The step of determining matching measures may utilize an operator in order to determine the connection of templates that are to be used as a model for comparison with the connections between segments, which may be advantegous in that the functional variables may be used by the operator.

The operator may be a linear function of the segmental distance between two segments and the distance component for a connection between two segments, which may be advantegous in that the operator may be simple.

The method may include a step of detecting the segmentation points as local extreme points which are below a predetermined threshold, which may be advantegous in that a segmentation frame may be created in a simple way.

The method may include a step of parameterizing each segment by the Dijkstra Curve Maximization strategy with three intermittent points, which may be advantegous in that the resulting curve length may be maximized.

The step of comparing may utilize point-to-curve matching, which may be advantegous in that the method allows unevenly spaced points.

The method may include a step of associating an output weight to normalized segmental and connective features, which may be advantegous in that that the features may be balanced in an efficient way.

The invention may be embodied as a module for recognition of a handwritten pattern comprising one or more curves, said module comprising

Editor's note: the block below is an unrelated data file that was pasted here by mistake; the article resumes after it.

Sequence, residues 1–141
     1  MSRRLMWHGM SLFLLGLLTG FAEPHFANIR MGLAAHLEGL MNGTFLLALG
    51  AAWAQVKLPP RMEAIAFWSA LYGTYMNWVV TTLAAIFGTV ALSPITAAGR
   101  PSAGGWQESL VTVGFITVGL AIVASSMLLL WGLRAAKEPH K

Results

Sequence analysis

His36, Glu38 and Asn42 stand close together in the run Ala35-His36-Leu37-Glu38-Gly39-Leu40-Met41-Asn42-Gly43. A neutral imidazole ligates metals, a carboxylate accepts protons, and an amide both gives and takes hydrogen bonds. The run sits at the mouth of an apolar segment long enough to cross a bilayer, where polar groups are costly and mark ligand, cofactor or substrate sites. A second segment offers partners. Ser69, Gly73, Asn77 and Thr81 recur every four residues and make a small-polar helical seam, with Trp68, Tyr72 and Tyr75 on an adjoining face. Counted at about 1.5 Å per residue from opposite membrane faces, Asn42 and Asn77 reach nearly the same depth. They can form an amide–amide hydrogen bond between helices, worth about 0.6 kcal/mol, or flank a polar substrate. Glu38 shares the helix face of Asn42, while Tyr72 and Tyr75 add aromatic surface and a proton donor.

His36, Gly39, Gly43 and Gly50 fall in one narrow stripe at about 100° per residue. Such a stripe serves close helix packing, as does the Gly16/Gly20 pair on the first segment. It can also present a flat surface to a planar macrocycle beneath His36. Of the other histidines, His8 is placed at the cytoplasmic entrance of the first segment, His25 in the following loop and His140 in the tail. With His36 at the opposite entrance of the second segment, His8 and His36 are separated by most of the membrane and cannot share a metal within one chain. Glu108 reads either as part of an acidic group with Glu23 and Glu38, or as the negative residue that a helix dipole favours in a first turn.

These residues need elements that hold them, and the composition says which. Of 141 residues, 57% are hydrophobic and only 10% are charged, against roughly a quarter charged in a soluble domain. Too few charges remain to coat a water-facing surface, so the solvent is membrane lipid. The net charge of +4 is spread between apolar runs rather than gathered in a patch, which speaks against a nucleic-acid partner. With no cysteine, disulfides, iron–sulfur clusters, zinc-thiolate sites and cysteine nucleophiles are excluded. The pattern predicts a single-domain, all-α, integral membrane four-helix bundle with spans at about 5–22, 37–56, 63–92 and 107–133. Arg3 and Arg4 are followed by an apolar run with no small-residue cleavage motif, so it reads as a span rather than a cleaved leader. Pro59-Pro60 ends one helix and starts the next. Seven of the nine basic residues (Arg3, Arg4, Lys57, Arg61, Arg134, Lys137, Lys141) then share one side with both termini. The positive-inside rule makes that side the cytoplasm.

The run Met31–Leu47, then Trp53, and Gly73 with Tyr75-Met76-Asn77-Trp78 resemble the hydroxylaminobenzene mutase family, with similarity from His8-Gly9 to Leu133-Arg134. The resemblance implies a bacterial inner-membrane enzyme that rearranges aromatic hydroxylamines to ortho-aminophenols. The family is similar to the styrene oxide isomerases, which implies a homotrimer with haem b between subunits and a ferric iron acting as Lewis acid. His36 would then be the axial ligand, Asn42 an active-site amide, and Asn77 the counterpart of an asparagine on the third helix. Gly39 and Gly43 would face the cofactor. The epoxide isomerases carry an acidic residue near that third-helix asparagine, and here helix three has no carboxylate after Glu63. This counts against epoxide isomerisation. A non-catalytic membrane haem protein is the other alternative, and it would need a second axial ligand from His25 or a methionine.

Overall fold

a receiver configured to receive sample data representing the handwritten pattern,

a segmentation point detector configured to detect segmentation points on each curve,

a divider configured to divide the handwritten pattern into segments,

normalizer configured to normalize said segments according to a scheme which is independent of the templates to which the segments are to be compared,

a determinator configured to determine matching measures for selecting at least one sequence of templates representing a recognintion candidate of the handwritten pattern, and

a transmitter configured to output said matching templates.

The advantages of the first embodiment of the invention are also applicabe for this second embodiment of the invention.

The determinator may be configured to determine segmental matching measures.

The determinator may be configured to determine connective matching measures.

The module may inlcude a compensator configured to compensate for translation, angle or length differences (or any combination of these) between the segments such that the segmental features are relative within each possible segment.

The module may include a compensator configured to compensate for translation, angle or length differences (or any combination of these) between the segments such that the connective features are relative between the adjacent segments.

The determinator may be configured to determine a segmental distance between two segments or a distance component between two pairs of attached segments.